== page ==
the Myodil Action Group e-petition
This is a document showing the major points from the
comprehensive research report conducted by Dr. Susan Parisian about the
production, testing, and use of Pantopaque/Myodil. Some original
animal test result documents and other mateial she refers to can be found on
AMERICAN ANIMAL TESTS, RESULTS AND
ADVERSE REACTION REPORTS WHICH SHOULD HAVE STOPPED PANTOPAQUE (WHICH
BECAME MYODIL IN ENGLAND) BEING PRODUCED
1918, Dandy created radiographic visualisation of the
spinal cord by injecting air in to the spinal column.
1922, Iodinised Poppy Seed Oil (commercially available
since 1901) began to be used in doses less than 5cc's, but was recommended
that it be removed.
A 1932 statement of opinion by the American Medical
Association had discouraged the introduction of any foreign oily material
into the spinal cord.
1936, Eastman Kodak supply Ethyl Iodophenylundecylate as
the main ingredient of Pantopaque to Lafayette under trade mark.
1937 to 1938, Warren and Strain conducted animal studies
using Pantopaque which indicated that a inflammatory reaction with
production of Fibrosis was triggered.
1938, unlicensed Pantopaque was distributed as a
investigative drug to Physicians without proven safety data.
1941, T.B. Steinhousen's doctoral research of Iodinated
compounds showed that in his opinion Lipidol (iodinised Poppy seed oil
similar to Pantopaque) was unsafe to use in humans intrathesically.
After reviewing cat studies he found one died after injection, he also cited
earlier 1925 Rabbit studies that after intrathecal injection there was a 47%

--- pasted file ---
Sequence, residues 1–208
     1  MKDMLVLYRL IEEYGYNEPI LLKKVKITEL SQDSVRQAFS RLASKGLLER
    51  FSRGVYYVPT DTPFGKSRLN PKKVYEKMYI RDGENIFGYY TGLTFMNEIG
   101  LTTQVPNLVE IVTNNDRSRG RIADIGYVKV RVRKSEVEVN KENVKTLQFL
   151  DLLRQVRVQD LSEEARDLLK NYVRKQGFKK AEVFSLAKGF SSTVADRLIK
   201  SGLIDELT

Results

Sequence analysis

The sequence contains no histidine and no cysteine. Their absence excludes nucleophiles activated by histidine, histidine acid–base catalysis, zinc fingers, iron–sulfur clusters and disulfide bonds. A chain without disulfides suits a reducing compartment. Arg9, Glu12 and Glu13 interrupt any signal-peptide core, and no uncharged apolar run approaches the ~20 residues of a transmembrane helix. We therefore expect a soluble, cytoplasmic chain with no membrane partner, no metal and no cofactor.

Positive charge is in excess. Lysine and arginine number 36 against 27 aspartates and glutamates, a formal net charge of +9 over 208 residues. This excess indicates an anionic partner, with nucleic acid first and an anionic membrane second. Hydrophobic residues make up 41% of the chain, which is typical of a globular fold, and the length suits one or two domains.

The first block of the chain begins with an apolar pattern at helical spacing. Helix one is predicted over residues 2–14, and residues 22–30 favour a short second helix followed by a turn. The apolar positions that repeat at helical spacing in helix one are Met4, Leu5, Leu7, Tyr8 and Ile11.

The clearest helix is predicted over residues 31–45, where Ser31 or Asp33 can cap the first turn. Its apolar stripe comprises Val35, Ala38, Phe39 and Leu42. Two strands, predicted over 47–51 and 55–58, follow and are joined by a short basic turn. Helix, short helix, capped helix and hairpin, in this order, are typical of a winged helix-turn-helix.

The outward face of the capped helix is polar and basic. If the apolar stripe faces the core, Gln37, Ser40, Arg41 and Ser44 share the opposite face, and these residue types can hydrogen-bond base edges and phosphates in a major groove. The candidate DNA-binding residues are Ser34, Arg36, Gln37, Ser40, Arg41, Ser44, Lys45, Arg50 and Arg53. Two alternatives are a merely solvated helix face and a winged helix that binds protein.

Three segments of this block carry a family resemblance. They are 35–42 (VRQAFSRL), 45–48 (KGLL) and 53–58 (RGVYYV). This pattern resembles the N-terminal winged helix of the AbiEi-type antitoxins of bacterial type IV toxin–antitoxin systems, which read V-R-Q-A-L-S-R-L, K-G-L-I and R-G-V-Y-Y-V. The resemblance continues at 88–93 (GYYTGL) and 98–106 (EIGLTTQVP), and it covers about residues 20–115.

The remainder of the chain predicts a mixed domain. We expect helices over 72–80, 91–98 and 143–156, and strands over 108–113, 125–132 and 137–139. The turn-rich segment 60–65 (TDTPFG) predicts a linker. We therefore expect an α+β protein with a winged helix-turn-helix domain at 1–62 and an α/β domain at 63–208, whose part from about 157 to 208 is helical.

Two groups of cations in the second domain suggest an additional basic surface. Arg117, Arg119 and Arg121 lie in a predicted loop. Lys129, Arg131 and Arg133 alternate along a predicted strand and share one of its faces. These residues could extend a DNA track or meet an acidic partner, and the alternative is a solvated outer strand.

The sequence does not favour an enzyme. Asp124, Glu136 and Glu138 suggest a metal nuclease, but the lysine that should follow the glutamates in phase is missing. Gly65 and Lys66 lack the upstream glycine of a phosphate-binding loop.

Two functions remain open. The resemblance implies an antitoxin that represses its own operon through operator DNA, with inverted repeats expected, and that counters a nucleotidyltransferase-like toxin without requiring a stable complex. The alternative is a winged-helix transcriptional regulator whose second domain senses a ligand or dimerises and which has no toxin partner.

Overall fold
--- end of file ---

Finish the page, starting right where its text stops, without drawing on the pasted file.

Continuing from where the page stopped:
mortality rate, and a 1938 study by Metier and Leake reported numerous
untoward reactions. Also 1941 study by Brown and Carr indicated
significant danger injecting iodinated Poppy seed oil in to the spinal
canal. His thesis included a study of the new compound Pantopaque, in
a series of tests using three dogs Pantopaque produced meningial irritation
symptoms ranging slight to severe. In another series using fifteen
dogs, 46% had slight meningial irritation, 20% moderate, and 7% severe, one
dog was unable to walk, and one dog died of gangrenous terminal ileum.
At termination of the study and autopsy, histological and gross meningial
changes were more severe than had been clinically suggested, including
granulamatis foreign body reactions, with acute inflammatory
polymorphonucleocytes (PMNs), phagolytes and fibroblasts with fibrous
adhesions involving the nerve roots, also clear cyst areas dispersed
throughout the spinal column, and scattered macrophages. Steinhousen
did the same test on nine dogs using iodinised Poppy seed oil, the results
were similar plus one dog died. Steinhousen's research in dogs
foreshadowed the acute and long term adverse events that came to be reported
26/02/1942, Dr. Rigler, University of Minnesota, wrote
reporting his facilities unfavourable clinical experiences with Pantopaque,
indicating in his and his staff's opinion it did not improve imaging quality
and was extremely difficult to remove.
05/09/1942, Major R.G. Spurling wrote indicating
Pantopaque produced as many irritative symptoms as Lipidol.
In 1942 there appears to have been a conscious decision
to disregard clinical ethical conduct and intentionally ignore clinical
findings and fail to provide physicians with test results on animals and
humans but describe Pantopaque as safe using misleading statements.
04/11/1943, Lafayette, America, New Drug Application, Dr.
Walter Van Winkle FDA. requested from Dr. Strain animal safety data.
Dr. Strain stated he did not have very good figures on the acute
toxicity. In the 1960's the FDA also found that test results carried
out on mice (22/02/1943) were also inadequate to support Pantopaque safety.
1944, on the basis of safety for use the FDA were
hesitant to permit a NDA, the reasons being that reports gave the impression
large numbers of reactions of varying degrees of severity had been observed,
but that the entire product circular created the impression that reactions
were minor and infrequent.
24/02/1944, Major Robert Robertson, Chief of
Neurosurgery, Brook General Hospital, Fort Sam, Houston Texas, reported a